Anyone who knows me knows that I’m mad about chickpeas. I soak a batch weekly and always have homemade hummus in my fridge. It’s my go-to snack. When it comes to chickpeas, I don’t like the canned option, but each to their own. Hummus means chickpeas in Arabic. In Lebanon, there are many versions of hummus. There’s the famous hummus bi tahini, the following rustic hummus balila with cumin, and the list goes on. Served warm, hummus balila is a perfect winter’s dish.
- 220 ml olive oil
- 4 garlic cloves, crushed
- 2 tbsp ground cumin
- 750 g cooked or canned chickpeas
- 40 g pine nuts
- handful of coriander, finely chopped
- salt and pepper, to season
- warm Lebanese bread, to serve
Oven temperatures are for conventional; if using fan-forced (convection), reduce the temperature by 20˚C. | We use Australian tablespoons and cups: 1 teaspoon equals 5 ml; 1 tablespoon equals 20 ml; 1 cup equals 250 ml. | All herbs are fresh (unless specified) and cups are lightly packed. | All vegetables are medium size and peeled, unless specified. | All eggs are 55-60 g, unless specified.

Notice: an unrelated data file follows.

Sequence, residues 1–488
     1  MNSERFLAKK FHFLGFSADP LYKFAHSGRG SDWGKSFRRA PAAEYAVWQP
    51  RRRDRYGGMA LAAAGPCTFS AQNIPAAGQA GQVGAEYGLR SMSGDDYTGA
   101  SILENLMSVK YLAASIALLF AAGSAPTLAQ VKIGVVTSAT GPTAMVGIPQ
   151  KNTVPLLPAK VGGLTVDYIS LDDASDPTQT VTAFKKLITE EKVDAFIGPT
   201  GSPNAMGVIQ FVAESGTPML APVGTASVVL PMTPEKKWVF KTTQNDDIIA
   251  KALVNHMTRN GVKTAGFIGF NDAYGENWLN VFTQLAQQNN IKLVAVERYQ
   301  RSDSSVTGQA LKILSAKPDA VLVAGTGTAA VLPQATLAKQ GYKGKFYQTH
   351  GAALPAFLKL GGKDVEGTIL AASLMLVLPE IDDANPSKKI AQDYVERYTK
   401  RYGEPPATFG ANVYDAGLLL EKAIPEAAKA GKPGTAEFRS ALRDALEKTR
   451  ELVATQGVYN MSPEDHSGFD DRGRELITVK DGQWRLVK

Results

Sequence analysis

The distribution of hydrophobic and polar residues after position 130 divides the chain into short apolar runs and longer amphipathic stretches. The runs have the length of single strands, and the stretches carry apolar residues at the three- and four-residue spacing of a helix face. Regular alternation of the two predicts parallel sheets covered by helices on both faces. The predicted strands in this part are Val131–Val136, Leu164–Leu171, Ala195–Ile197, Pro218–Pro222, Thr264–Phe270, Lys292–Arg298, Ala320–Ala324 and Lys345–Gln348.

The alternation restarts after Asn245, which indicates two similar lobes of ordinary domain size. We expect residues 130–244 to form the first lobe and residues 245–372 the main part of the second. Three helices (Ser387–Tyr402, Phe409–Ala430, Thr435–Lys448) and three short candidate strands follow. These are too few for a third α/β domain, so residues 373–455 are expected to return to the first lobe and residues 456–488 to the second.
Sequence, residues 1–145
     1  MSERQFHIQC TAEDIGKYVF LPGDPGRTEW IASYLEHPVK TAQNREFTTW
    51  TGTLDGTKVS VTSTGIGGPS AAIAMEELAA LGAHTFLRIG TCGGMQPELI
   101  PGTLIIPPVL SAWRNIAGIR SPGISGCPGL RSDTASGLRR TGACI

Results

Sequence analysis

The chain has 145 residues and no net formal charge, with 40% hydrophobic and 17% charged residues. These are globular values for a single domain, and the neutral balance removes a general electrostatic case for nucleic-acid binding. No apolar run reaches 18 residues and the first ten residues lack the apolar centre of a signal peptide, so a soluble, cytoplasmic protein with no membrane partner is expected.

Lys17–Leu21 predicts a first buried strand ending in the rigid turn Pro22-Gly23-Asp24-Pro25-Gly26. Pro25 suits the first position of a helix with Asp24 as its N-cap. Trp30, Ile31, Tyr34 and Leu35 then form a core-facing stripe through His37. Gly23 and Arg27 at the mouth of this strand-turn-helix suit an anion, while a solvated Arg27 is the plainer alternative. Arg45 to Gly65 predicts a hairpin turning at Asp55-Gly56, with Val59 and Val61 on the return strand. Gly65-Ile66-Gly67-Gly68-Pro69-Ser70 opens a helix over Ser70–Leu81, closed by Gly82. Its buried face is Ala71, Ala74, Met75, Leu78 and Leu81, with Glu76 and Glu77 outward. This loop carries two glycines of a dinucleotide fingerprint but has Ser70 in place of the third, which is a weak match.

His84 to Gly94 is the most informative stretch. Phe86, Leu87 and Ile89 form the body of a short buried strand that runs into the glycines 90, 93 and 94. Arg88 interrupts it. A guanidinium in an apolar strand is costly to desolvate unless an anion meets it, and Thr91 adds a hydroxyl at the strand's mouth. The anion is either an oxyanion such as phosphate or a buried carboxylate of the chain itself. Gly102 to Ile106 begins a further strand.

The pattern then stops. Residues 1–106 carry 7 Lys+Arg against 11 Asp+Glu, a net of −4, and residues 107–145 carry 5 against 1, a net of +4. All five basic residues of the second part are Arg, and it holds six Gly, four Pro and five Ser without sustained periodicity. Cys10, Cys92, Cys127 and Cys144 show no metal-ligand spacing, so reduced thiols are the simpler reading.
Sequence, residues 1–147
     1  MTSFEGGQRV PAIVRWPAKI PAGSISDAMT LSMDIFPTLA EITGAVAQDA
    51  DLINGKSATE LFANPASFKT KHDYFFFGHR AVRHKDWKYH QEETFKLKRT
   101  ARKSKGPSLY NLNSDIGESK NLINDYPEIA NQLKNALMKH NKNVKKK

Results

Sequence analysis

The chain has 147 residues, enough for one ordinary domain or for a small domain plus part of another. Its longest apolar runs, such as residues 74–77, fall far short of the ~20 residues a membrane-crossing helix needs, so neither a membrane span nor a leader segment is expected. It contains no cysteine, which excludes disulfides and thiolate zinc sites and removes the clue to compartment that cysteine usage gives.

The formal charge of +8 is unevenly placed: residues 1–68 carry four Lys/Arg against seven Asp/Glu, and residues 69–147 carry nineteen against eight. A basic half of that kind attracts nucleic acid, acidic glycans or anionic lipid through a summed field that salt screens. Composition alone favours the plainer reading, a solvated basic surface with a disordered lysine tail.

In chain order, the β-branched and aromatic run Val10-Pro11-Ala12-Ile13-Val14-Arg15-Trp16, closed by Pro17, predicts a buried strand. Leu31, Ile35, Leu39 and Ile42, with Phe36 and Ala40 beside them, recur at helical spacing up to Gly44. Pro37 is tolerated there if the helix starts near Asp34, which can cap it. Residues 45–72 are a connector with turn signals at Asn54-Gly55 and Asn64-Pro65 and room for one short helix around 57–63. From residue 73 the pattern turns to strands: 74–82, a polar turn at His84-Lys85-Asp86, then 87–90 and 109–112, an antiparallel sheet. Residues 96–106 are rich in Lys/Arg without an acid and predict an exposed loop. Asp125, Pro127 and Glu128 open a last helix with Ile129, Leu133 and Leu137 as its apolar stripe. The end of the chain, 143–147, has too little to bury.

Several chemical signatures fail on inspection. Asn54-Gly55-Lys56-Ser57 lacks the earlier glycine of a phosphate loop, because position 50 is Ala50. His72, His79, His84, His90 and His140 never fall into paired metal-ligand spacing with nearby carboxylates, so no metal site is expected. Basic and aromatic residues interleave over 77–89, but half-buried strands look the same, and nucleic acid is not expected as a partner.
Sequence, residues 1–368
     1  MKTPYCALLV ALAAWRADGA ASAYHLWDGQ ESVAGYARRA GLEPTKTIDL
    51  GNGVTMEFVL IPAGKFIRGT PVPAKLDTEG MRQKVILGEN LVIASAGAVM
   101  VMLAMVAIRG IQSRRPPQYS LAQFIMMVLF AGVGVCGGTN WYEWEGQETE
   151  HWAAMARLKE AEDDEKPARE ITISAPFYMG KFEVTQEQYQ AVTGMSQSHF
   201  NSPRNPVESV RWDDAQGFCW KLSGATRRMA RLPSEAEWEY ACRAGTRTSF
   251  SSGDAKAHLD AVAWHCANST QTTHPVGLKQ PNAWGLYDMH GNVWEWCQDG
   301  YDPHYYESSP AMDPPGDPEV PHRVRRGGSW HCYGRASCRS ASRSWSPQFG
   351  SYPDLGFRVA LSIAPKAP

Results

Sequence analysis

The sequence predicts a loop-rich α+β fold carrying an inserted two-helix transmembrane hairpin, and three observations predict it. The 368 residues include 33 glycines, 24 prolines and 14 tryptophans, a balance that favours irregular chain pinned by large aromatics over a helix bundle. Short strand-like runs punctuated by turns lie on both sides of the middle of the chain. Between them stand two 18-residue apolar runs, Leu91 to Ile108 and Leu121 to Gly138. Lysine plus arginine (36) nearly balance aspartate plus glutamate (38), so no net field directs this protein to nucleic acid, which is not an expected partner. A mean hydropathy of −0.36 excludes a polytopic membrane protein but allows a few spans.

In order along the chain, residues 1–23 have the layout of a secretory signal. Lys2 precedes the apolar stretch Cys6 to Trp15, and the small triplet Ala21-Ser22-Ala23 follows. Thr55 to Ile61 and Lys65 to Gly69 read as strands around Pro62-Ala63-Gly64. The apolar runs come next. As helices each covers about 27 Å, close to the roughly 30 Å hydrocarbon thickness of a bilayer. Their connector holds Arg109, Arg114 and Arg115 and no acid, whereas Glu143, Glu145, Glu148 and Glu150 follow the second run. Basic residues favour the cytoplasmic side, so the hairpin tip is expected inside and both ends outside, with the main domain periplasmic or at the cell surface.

Heat 1 tbsp oil in a frying pan over medium heat, then add the garlic. Quickly add the cumin and cook for no more than 30 seconds – you don’t want the garlic to burn and develop a bitter taste.
Add the cooked chickpeas and 100 ml olive oil. Mix well, cover and cook over low heat, stirring often, for 10-15 minutes or until the chickpeas are completely softened.
In the meantime, toast the pine nuts. Heat a dry frying pan over medium heat, add the pine nuts, then reduce the heat to low and cook for 1 minute or until toasted. Make sure you keep shaking the pan and pine nuts, and keep your eyes on them as they burn quickly.
Remove half the chickpeas and reserve for later. Mash the remaining chickpeas. This dish is supposed to be rustic; they don’t need to resemble mashed potatoes.
Add the chickpeas you removed earlier with the toasted pine nuts, coriander and remaining 100 ml olive oil. Season with salt and pepper, and combine well.
Serve warm with Lebanese bread.
Recipe from Dirty Kitchen Secrets by Bethany Kehdy, with photographs by Sarka Babicka.